You have probably heard of knowledge management at the organizational level when business companies and law firms implement the best practices for capturing and sharing knowledge. Lawyers are knowledge workers, they process information all the time. They are also life-long learners whose expertise depends on keeping up to date with the increasing body of law and business practices. Is it possible to apply the knowledge management principles to the work of an individual? Is there a benefit to doing so? Many experts believe that the answer is “yes.” Let’s look at the three main areas of personal knowledge management: “know-what,” “know-who,” and “know-how,” and see how lawyers can benefit from this concept.
Know-what. This is about the content of knowledge. What do you need to know in order to achieve your goals? What are the sources of your knowledge? What’s the context for the knowledge application?
Know-who. This category is about who you know. What are your networks? Who are the experts you go to for knowledge? Who is in need of your knowledge?
Know-how. This is about how to perform the knowledge-related tasks so as to increase productivity. What are the best ways to harvest knowledge in the right context just-in-time, make sense of it, create new knowledge, share it, and use it? What’s the role of technology in this process?
Lawyers have routinely done all the above activities without any system, so why do they need personal knowledge management now? Here are a few reasons to consider.
- First, there has been a dramatic increase in information available to us on a daily basis. Things change faster than they used to. As Kineo’s company website says: “Don’t wake up dumber than you went to bed.” A well-devised personal knowledge management system can help to conquer the information overflow and gain control over your learning experience. I like to use the information funnel analogy. Ordinarily, we pour in lots of information through the wide opening of the funnel to bottle up only a few drops of knowledge. What if we turned the funnel over and introduce a system of filters that would allow only relevant information to come in when we need it to produce a much larger knowledge output. Isn’t it worthwhile to invest some time and effort in developing such a system?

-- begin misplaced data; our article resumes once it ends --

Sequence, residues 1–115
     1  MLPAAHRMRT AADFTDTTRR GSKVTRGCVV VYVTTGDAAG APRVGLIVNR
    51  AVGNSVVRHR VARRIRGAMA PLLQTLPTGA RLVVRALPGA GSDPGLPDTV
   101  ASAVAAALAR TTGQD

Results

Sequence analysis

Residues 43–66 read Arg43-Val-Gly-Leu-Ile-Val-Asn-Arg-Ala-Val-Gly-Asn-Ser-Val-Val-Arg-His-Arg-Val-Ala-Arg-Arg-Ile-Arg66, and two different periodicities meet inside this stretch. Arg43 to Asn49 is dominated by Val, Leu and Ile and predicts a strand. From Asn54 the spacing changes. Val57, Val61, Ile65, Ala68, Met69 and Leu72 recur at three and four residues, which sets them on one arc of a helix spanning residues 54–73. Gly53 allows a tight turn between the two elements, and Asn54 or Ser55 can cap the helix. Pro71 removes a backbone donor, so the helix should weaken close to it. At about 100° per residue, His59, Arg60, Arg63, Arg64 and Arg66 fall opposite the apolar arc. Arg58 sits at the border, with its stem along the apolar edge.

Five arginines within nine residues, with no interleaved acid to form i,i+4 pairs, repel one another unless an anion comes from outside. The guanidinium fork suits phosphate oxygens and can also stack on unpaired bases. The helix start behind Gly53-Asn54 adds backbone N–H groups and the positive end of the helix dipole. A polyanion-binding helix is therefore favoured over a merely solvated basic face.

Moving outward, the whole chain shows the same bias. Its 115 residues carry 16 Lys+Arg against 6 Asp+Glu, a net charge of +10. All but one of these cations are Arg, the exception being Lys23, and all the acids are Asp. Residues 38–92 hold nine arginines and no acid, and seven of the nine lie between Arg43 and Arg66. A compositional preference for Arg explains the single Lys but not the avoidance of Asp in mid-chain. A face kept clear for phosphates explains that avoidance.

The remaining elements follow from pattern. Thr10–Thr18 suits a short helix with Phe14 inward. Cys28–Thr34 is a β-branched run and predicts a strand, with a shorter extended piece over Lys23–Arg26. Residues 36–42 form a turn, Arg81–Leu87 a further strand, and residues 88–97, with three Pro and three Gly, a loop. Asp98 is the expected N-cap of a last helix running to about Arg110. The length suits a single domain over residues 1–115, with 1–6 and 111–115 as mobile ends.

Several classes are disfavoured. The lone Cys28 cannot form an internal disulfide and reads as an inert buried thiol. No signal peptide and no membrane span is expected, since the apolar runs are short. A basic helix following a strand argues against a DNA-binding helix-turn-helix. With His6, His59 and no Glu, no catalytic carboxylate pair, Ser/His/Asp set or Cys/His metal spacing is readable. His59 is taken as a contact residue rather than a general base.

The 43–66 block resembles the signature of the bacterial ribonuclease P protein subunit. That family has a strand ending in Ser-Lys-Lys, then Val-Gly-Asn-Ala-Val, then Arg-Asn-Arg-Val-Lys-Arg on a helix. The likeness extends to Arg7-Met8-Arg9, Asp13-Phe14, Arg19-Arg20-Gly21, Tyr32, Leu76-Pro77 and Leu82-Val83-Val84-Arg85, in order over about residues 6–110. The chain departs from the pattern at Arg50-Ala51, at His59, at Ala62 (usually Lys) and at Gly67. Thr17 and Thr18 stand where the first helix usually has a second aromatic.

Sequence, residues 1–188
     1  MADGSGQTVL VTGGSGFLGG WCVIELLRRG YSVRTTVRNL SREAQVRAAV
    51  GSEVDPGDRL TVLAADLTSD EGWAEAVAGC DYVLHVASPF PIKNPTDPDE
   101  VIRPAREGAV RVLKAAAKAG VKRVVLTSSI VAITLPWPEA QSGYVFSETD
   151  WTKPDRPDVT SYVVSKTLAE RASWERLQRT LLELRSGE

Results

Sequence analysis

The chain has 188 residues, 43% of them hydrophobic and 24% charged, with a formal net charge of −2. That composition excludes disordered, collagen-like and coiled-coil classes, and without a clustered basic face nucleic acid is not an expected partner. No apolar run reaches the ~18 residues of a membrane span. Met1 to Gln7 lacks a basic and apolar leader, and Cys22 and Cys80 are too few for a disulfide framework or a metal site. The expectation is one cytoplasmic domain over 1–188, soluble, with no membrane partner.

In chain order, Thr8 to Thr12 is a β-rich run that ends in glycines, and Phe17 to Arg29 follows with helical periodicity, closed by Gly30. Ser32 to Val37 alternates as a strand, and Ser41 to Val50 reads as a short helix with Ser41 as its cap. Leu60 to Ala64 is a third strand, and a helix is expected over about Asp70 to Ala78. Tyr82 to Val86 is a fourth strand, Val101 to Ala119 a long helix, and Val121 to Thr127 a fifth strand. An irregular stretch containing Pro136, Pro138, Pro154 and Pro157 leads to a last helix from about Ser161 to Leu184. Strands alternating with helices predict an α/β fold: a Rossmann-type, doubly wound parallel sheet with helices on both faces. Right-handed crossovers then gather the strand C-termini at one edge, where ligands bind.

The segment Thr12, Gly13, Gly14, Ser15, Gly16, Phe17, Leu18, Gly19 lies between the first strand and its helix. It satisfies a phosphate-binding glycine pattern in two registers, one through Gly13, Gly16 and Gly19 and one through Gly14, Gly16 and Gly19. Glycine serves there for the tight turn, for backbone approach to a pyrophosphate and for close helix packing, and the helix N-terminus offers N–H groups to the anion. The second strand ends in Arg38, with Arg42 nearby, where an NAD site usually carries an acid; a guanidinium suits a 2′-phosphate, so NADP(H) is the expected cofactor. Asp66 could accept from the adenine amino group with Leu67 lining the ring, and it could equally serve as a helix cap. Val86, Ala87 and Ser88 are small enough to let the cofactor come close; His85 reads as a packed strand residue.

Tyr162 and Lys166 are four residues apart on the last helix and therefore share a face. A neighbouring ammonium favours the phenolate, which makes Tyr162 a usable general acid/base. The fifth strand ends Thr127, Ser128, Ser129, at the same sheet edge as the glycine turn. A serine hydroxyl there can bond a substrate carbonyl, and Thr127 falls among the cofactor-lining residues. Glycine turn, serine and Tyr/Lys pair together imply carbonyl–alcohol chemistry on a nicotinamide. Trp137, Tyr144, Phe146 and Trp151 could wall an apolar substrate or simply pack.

- Second, the personal knowledge management system can help you to align your everyday activities with your values and goals. For example, I get easily sidetracked by some interesting information that I stumble upon on the internet and can spend hours just reading about it. The system helps me to stay focused and disciplined about my projects, or at least, that’s the hope.
- Third, lawyers are in the service profession, and service is about relationships. How much time do you spend on consciously developing and nurturing your important relationships? Do you know who the experts are in your field? Who can you turn to for help? The personal knowledge management system will force you to take responsibility for this important aspect of your life.
- Fourth, technology helps us to stay productive, but technology is developing very rapidly these days. It takes a purposeful effort to keep up. The personal knowledge management system can help you to make choices about what technology is important for your business and get updates when something new comes to the market.
- Fifth, the personal knowledge management system can help you to organize, classify and retrieve the necessary knowledge efficiently. Do you have a system to index and file your documents and email messages? Do you use news aggregators? What search tools are available to you? There is a lot you can do to save time and effort.
- Finally, the process of developing your knowledge management system can reveal some new insights about you as a learner and build self-awareness. Your system should be about you and how you learn. It should capitalize on your strengths and drive you to achieve the best results you can.
Do you already have a personal knowledge management system? Do you want to develop one? Please share your experiences.